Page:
The poem is written as a second-person narrative. This technique involves the reader directly by describing the experience as one in which the reader is involved. The reader becomes, in the context of the poem, the protagonist . The implication is, therefore, that the speaker and the reader experience the...
The poem is written as a second-person narrative. This technique involves the reader directly by describing the experience as one in which the reader is involved. The reader becomes, in the context of the poem, the protagonist. The implication is, therefore, that the speaker and the reader experience the situation in the same way. Such direct involvement accentuates the narrator's encounter because the reader is placed in his or her position.
The language in the poem is simple and direct. The purpose is obviously to make the experience more relatable and understandable. The repetition of a common expression like "the times we live in" denotes familiarity. The saying is commonly used by people when they gripe about a particular situation or event. In this poem, the speaker is essentially complaining about the unpleasant encounter an immigrant or visitor to a foreign country has when confronted by an immigration official at an airport.
The elementary task of presenting a passport becomes an unnecessarily troublesome and disconcerting act. The language makes it clear that the encounter is cold, clinical, and impersonal. The use of "He" at the end of line 1 accentuates the detached nature of the meeting and also indicates its universal nature. The "He" can be any officer anywhere in the world. The phrase "reading you" suggests both a literal reading of the particulars contained in the passport and the assessment made of you by the official. The fact that it is done "from the last page" further implies that the process is reversed. One can infer that the speaker would find it more acceptable if the entire procedure were done differently. This may suggest that a more personal and involved approach would be appreciated. The speaker states, however, that the whole nature of the exercise should not be seen as offensive, since this is the way things are done nowadays. It has become the norm.
The language throughout the poem furthermore suggests that the speaker is so intimidated by the official that he or she feels insignificant and small. In addition, the speaker feels displaced and transformed, as if the new circumstances have irrevocably changed his or her identity. It is also evident that the speaker senses the official's mistrust. The speaker finds this reaction humorous, because he or she has changed during the journey. The change was perhaps done to fit in with the expectations of the country being visited or emigrated to. The implication is that the narrator has adjusted so much from his or her original appearance that the photograph in the passport does not reflect his or her true identity at all—a fact which surprises the officer.
The speaker states that although the picture reflects his or her every physical attribute, its most essential ingredient is absent. The speaker suggests that the photograph is sterile and impersonal. The image does not reflect the individual's entire character and excludes an expression of his or her feelings.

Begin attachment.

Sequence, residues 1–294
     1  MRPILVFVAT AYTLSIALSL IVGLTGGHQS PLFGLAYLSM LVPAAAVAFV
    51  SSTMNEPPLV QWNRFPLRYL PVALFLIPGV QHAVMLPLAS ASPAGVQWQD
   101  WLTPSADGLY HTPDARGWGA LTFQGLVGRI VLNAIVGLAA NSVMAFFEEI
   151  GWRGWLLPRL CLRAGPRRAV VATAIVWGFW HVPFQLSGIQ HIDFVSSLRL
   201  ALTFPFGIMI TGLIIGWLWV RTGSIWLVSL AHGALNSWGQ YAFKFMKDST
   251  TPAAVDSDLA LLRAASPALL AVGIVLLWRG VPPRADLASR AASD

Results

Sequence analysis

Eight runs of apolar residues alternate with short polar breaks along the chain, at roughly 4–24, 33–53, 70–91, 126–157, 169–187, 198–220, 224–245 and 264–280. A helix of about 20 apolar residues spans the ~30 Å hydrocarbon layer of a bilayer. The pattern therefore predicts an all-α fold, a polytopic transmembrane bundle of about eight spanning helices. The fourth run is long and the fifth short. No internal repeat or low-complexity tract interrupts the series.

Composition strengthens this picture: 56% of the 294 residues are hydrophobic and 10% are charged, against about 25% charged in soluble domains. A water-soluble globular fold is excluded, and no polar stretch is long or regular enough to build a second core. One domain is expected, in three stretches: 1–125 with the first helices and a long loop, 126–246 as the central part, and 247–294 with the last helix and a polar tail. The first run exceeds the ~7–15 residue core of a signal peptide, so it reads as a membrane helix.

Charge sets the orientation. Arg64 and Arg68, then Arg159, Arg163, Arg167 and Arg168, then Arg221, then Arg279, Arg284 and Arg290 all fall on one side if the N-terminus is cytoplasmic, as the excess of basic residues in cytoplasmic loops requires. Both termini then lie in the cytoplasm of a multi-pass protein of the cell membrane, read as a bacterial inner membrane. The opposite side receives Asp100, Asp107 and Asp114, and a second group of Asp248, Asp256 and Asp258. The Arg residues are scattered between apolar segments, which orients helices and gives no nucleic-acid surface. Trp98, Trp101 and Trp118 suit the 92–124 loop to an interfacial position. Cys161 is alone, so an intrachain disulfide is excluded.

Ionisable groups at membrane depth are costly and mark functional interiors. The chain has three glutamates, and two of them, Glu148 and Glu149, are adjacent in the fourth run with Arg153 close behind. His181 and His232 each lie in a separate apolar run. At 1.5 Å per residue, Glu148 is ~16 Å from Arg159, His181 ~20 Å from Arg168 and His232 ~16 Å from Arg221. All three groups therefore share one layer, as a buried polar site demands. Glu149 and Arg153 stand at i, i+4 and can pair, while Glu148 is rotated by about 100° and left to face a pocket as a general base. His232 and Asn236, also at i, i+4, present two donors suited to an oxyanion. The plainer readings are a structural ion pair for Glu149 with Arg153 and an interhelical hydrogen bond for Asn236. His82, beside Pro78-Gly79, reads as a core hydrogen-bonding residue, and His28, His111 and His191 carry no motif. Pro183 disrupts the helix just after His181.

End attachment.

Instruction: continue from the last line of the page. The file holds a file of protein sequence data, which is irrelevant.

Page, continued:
The poem is written in free verse and does not display any particular set format. The stanzas are of different lengths. This freedom and irregularity accentuate the nature of this encounter. On the one hand, the speaker wishes to be free of such scrutiny and biased judgment and, on the other, he or she desires the freedom to retain his or her identity.
The tone in the poem ranges from acceptance
in the end, you decide
it makes as much sense
as anything else,
given the times we live in.
to cynicism and insecurity
You shrink to the size
of the book in his hand.
to irony and sarcasm
That’s when you really have to laugh.
The overall tone suggests displeasure and unhappiness, because the speaker is clearly not pleased with his or her situation.
The poem includes a few metaphors, such as "You shrink to the size of the book in his hand," which indicates the depth of the speaker's feelings of insignificance. The narrator feels unimportant and small, and the comparison accentuates the depth of the speaker's sentiment. In "the birthmark shifted," the birthmark (which should be a permanent fixture), is compared to a traveler who moves from one location to another. The metaphor highlights the difficulty the speaker experiences when displaced and forced to adopt, as it were, a new identity. It is an impossible task that has to be done somehow.
The passport becomes a symbol of the speaker's unimportance, because it is through its presentation that the official sees the speaker as inconsequential. Furthermore, it is a representation to the official of who the speaker is. It denotes his or her character and identity but is a faulty and incomplete depiction of who or what the narrator really is. Another symbol is the letter Z. In the poem, "Z" signifies the speaker's foreign status and his or her displacement, for "it has just moved house."
The poem's themes explore the loss of identity one encounters as a foreigner in another country, as well as the feelings of alienation and displacement one undergoes when moving from one's home country to another country. Moreover, the poem depicts the prejudice and discomfort a foreigner is exposed to on entering a foreign nation.